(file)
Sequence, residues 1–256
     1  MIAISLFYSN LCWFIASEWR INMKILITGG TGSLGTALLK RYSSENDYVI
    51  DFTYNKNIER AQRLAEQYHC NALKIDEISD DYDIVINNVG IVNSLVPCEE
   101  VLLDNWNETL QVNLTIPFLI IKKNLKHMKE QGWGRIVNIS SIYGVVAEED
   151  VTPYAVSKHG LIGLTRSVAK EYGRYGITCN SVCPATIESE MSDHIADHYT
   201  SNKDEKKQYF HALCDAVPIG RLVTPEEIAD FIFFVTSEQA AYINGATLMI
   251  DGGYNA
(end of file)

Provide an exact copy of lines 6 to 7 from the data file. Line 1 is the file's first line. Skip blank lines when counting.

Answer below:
   201  SNKDEKKQYF HALCDAVPIG RLVTPEEIAD FIFFVTSEQA AYINGATLMI
   251  DGGYNA